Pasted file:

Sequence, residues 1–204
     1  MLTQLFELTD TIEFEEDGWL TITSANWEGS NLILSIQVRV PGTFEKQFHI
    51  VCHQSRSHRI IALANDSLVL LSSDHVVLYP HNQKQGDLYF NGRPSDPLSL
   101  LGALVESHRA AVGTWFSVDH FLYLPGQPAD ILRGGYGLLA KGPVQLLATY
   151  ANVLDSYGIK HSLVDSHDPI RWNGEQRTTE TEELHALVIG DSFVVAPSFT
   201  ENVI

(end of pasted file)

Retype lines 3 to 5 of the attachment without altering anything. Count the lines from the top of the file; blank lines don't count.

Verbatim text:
    51  VCHQSRSHRI IALANDSLVL LSSDHVVLYP HNQKQGDLYF NGRPSDPLSL
   101  LGALVESHRA AVGTWFSVDH FLYLPGQPAD ILRGGYGLLA KGPVQLLATY
   151  ANVLDSYGIK HSLVDSHDPI RWNGEQRTTE TEELHALVIG DSFVVAPSFT